The move up in these large tech stocks was so rapid in the first half of the year that Nasdaq took the unusual step of initiating a special rebalance in the Nasdaq-100 in July to address the overconcentration of the biggest names. As a result, Microsoft, Apple, Nvidia, Amazon and Tesla all saw their weightings reduced. 

Market concentration is nothing new

Whether the rules around market concentration should be tightened is open for debate, but the issue has been around for decades.

For example, Phil Mackintosh and Robert Jankiewicz from Nasdaq recently noted that the weight of the five largest companies in the S&P 500 was also around 25% back in the 1970s.

Disclosure: Comcast is the corporate parent of NBCUniversal and CNBC.

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These 10 portfolio names outperformed the stock market amid the October decline

Traders work on the floor at the New York Stock Exchange (NYSE) in New York City, U.S., October 26, 2023.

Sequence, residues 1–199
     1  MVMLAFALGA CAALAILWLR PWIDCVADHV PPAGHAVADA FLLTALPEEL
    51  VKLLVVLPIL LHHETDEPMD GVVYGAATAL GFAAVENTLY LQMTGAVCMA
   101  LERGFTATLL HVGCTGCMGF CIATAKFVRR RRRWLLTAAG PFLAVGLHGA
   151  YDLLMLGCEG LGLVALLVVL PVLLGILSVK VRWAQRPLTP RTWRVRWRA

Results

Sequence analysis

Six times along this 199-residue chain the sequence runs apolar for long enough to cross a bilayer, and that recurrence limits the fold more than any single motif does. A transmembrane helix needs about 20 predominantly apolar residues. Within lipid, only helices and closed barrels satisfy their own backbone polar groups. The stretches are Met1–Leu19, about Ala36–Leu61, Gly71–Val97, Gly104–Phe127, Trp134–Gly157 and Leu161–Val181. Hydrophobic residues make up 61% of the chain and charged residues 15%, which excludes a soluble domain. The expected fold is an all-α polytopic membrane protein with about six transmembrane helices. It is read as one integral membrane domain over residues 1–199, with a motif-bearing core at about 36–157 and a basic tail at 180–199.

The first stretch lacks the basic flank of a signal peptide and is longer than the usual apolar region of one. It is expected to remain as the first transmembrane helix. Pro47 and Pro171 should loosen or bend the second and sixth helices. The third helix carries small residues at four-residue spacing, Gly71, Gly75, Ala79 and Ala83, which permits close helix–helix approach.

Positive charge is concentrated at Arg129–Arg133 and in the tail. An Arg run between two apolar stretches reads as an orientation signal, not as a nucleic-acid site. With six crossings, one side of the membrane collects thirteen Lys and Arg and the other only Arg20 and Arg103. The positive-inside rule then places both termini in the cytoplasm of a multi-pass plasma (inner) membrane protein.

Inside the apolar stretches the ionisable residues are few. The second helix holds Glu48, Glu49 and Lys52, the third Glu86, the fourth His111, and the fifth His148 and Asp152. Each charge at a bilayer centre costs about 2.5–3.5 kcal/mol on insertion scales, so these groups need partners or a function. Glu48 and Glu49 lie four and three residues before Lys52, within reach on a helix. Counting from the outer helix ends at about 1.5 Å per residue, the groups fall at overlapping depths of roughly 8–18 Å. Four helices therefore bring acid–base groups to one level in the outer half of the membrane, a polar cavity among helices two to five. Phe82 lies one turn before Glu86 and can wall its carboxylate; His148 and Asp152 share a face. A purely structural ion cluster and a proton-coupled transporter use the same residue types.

Brendan Mcdermid | Reuters

Despite a downbeat month for stocks and mounting macroeconomic uncertainty, several Club names outperformed the market in October — and landed in the green.  

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Top Wall Street analysts pick these five stocks for compelling returns

Shantanu Narayen, CEO, Adobe.

Mark Neuling | CNBC

Investors are grappling with uncertainty after a difficult September left the major averages reeling.

However, the current scenario also offers an opportunity to pick stocks that could generate attractive returns despite short-term pressures.

To that end, here are five stocks favored by Wall Street’s top analysts, according to TipRanks, a platform that ranks analysts based on their past performance.

Adobe

Software giant Adobe (ADBE) recently reported fiscal third-quarter earnings. The company is experiencing strength in subscriptions to its cloud-based software offerings.

Impressed with the quarter’s print, Deutsche Bank analyst Brad Zelnick boosted his price target for ADBE stock to $610 from $550 and reaffirmed a buy rating. The analyst said the results reinforce his view of Adobe as a winner in an emerging generative artificial intelligence world.